Lecturers at a college in Manchester are being balloted for strike action over their terms and conditions.
The Manchester College, which the University and College Union says is the largest of its kind in the country, wants to introduce new contracts.
Staff teaching adults would be on different contracts to those teaching 14 to 19-year-olds.
The college said the contracts were needed to protect its future but the union said the plans were "unworkable".
The University and College Union (UCU) said the proposals would "lead to a two-tier workforce" and are "unworkable as staff do not operate in separate silos and many will perform duties that could place them on either contract".
It said the changes would have a "massive impact" on staff and students and it had been left with "no option but to ballot for industrial action" after the college refused to reconsider its plans.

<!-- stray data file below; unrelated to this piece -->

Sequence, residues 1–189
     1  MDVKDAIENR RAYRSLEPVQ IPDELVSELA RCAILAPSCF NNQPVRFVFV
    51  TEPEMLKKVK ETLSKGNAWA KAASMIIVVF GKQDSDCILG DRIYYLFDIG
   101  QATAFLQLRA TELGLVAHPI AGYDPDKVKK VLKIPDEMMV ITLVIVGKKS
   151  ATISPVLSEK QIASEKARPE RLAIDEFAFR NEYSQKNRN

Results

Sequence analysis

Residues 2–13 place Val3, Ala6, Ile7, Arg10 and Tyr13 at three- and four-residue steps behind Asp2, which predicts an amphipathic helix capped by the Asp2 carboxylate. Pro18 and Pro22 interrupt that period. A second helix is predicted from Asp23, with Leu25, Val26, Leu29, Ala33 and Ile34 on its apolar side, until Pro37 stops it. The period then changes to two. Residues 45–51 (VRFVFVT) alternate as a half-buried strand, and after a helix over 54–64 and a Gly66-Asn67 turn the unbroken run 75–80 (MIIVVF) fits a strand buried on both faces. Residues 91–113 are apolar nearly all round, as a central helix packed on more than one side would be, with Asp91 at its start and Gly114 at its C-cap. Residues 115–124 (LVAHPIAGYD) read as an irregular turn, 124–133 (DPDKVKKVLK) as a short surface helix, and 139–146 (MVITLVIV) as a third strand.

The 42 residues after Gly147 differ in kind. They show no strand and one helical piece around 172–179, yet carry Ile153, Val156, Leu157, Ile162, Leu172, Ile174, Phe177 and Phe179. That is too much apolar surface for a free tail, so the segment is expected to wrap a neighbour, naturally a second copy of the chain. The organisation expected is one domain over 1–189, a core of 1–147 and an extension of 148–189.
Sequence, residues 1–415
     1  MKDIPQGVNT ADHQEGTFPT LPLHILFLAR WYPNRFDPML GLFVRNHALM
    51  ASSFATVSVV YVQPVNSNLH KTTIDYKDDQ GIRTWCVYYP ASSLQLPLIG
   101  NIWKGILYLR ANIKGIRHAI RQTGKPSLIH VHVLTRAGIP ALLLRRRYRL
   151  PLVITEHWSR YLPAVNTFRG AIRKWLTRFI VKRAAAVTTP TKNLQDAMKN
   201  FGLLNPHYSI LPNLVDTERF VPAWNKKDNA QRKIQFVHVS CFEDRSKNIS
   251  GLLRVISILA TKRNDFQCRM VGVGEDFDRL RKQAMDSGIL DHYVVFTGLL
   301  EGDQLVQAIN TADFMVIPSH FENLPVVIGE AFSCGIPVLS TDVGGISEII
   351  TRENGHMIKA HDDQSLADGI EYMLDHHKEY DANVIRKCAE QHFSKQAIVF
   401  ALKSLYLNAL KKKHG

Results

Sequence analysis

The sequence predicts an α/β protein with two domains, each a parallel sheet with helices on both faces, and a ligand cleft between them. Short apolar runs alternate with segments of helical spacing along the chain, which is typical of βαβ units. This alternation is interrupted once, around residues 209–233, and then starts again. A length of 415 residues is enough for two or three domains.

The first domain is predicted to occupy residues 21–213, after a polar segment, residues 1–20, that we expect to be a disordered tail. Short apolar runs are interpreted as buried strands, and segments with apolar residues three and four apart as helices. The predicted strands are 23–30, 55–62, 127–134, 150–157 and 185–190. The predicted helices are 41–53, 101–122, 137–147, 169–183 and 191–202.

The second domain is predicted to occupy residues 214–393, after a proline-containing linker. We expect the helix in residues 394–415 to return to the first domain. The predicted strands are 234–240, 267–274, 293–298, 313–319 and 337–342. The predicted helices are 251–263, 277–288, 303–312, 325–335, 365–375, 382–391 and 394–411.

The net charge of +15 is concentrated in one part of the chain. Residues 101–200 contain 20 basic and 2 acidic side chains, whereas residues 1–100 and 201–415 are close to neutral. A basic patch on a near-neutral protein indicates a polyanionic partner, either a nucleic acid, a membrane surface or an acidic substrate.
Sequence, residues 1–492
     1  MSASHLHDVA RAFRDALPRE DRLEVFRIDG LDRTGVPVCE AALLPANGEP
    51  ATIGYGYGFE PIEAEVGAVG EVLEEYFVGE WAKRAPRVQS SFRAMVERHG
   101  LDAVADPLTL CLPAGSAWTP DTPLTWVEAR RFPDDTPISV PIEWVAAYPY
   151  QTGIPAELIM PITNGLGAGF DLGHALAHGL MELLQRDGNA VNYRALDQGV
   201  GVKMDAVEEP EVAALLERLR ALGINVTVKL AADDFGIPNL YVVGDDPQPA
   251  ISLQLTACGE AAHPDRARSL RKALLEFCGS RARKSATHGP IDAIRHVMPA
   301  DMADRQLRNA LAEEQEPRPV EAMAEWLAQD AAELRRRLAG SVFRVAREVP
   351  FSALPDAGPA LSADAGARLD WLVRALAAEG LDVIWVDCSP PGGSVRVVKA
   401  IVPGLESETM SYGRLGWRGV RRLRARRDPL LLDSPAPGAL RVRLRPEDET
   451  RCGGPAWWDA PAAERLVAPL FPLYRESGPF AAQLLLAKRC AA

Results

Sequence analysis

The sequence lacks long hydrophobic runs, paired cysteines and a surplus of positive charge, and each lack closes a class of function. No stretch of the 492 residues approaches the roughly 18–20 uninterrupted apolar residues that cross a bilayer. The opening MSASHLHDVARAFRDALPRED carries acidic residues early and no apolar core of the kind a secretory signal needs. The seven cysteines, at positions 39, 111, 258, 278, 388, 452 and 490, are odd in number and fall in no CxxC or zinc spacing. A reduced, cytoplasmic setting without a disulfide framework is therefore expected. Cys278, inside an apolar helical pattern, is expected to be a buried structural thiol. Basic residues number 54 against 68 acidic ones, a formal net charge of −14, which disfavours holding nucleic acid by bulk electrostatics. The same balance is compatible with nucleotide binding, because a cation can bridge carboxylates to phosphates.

Isobel Brotherston, branch secretary of UCU, added: "We want one contract that is adaptable for everybody, so we are not dividing the workforce."
In a statement, the college said: "The Manchester College's finances are currently robust although, with major funding cuts within the sector, the college is now in a position where it needs to take measures to protect its financial health and avoid destabilisation in the future."
It said its funding had been changed earlier this year, separating money for teaching teenagers and adults.
The ballot will close on 11 June.